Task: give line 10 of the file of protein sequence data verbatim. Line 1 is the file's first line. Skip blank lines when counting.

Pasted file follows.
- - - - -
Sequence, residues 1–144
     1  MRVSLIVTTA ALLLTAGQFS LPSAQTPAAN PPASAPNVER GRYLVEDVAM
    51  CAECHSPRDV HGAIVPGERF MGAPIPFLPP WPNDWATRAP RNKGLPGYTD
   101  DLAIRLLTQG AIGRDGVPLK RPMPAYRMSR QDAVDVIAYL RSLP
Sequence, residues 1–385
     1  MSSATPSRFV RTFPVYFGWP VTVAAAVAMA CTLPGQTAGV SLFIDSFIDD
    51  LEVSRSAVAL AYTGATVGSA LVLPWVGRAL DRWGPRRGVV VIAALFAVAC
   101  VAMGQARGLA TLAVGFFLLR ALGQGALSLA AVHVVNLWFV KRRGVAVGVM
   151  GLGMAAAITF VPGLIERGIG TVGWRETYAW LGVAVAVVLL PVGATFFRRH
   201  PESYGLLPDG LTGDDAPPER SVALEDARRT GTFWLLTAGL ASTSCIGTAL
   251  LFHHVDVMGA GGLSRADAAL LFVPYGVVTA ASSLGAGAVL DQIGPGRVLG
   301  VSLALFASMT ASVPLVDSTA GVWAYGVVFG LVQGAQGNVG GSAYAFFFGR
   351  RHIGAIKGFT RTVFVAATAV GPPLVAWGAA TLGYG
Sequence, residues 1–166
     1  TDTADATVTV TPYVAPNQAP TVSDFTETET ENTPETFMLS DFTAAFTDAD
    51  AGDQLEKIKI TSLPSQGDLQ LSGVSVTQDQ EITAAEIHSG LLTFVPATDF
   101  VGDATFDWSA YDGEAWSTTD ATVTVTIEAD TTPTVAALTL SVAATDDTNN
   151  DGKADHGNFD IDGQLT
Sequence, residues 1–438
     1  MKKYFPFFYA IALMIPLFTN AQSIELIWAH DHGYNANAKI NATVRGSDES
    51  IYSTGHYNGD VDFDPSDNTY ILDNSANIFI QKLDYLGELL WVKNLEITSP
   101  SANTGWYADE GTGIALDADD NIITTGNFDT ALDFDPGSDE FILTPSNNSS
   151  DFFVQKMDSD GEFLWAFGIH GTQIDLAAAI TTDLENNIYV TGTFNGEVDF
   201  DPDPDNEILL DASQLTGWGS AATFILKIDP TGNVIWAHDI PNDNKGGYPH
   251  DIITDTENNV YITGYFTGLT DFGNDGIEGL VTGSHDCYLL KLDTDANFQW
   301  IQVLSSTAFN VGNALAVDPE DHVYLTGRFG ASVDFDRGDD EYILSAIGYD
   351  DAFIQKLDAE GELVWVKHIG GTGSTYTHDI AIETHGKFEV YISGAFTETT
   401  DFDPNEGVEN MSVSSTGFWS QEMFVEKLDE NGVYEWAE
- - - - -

   201  PESYGLLPDG LTGDDAPPER SVALEDARRT GTFWLLTAGL ASTSCIGTAL